Using light of WaterFire to symbolize wisdom, justice
On Sept. 3, in response to the tragic events in Charlottesville, Virginia, WaterFire invited the community to assemble at the Rhode Island Holocaust Memorial to reaffirm our commitment to the principles of equality, tolerance and justice. Let us remember that Roger Williams founded Providence in 1636 explicitly as a “shelter for persons distressed for conscience.”
Thousands gathered in solidarity at the memorial, now inscribed with the names of those who survived the death camps and came to Rhode Island to build new and vibrant lives. We invited leaders of the Native American, African-American, Armenian, Jewish and Cambodian communities to set the bonfires alight while accompanied by music from their heritage.
Grandchildren of survivors of the Jewish Holocaust and the Armenian genocide helped place candle lanterns to illuminate the path. Then everyone placed a glass pebble on the Life Stone. By midnight, thousands of pebbles reflected our resolve to remember.
Surely Charlottesville reminds us that we must remember history if we are not to repeat it. As a community, we must remain vigilant against the dark dangers of racism and hatred, and fight to affirm the founding principles of our nation — equality, freedom and justice.
Our mission at WaterFire is to inspire. WaterFire is not just a community celebration, but a celebration of community itself, one that transforms how we see ourselves. People have gathered along the downtown rivers for 23 years to celebrate the many things we value in common, while sharing the different traditions that make each of our communities so richly vibrant.
Our central symbol is light — actual firelight that illuminates our city in an exciting new way. And symbolic light — the ancient symbol of Prometheus’ torch, representing enlightenment, teaching, liberty, leadership, initiative, creativity and inspiration itself.
The Torch of Knowledge, representing teaching, shines forth from the dome of the Library of Congress. The Statue of Liberty’s torch enlightens all the world. We carry that torch with us every day — the torch of liberty shines forth brightly on the dime, designed just after World War II to commemorate liberty’s triumph over tyranny.
The mob in Charlottesville wielded torches, but not in a paean of inspiration, but in a hate-filled march. That the sacred torch of liberty and inspiration could be twisted to support hatred is deeply disturbing. Marchers debased even language itself with false uses of words like “freedom,” “liberty,” “fact” and “patriotism.” We must respond to these deceptions with resolve and defend the values our nation stands for. Silence, complacency, creating false equivalencies, or abandoning our nation’s principles and symbols are all akin to surrender.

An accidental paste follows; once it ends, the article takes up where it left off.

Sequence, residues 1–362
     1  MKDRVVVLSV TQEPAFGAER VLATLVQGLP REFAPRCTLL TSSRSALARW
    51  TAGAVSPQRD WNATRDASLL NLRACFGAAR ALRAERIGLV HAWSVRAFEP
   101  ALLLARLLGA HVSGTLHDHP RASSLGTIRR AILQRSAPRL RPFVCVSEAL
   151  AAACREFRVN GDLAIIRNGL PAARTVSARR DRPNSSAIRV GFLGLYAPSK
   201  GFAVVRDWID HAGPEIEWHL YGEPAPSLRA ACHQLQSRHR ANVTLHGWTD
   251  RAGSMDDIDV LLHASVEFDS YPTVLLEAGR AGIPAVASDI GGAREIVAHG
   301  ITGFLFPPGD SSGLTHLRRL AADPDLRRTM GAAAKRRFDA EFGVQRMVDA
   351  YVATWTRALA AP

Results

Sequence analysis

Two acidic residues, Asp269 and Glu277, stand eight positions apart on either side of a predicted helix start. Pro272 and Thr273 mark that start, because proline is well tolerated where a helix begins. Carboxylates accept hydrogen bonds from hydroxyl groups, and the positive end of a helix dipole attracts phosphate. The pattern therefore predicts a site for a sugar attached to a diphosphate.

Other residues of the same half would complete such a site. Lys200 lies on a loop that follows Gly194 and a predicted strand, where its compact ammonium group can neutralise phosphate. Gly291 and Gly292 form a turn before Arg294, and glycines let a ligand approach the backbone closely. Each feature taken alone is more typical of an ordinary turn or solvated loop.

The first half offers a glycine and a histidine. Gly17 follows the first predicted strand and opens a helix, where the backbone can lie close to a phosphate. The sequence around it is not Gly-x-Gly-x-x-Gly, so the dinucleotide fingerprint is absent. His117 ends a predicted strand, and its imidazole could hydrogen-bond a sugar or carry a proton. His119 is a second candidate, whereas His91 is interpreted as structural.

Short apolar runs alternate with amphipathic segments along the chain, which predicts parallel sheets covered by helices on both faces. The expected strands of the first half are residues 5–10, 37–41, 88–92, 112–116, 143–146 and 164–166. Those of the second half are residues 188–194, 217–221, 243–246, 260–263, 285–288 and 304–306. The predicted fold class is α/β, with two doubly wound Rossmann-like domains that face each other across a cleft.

The students of the University of Virginia brilliantly spoke for justice as they reclaimed firelight a few nights later in their song-filled candlelight vigil rejecting hatred.
This weekend, WaterFire’s torches will once again honor community leaders with our Prometheia procession — based on the original Athenian torch ceremony honoring leadership, initiative, creativity and service to others.
At Saturday’s lighting, we will salute and honor the University of Rhode Island for 125 years of teaching excellence. URI will be joined by the new Teacher of the Year and 75 award-winning educators from across the state. We salute and thank URI and honor all our teachers who give so much to our state and bring such light into our lives.
WaterFire’s music on Sept. 3 closed with a 1954 recording of journalist Edward R. Murrow:
“We will not walk in fear, one of another. We will not be driven by fear into an age of unreason … This is no time for men … to keep silent. There is no way for a citizen of a republic to abdicate his responsibilities. As a nation we … proclaim ourselves … the defenders of freedom … but we cannot defend freedom abroad by deserting it at home.”
Let us resolve that our community will continue to honor bearers of light, who fight the darkness of hatred with resolve, justice, leadership, education, inspiration and love.
Barnaby Evans created WaterFire Providence in 1994. The free event is made possible by the contributions of donors, volunteers and sponsors in partnership with the city and state.
Originally published in the Providence Journal on September 21st, 2017
Featured image: Waterplace Park Basin during the September 23rd, 2017 WaterFire lighting. Photograph by John Nickerson.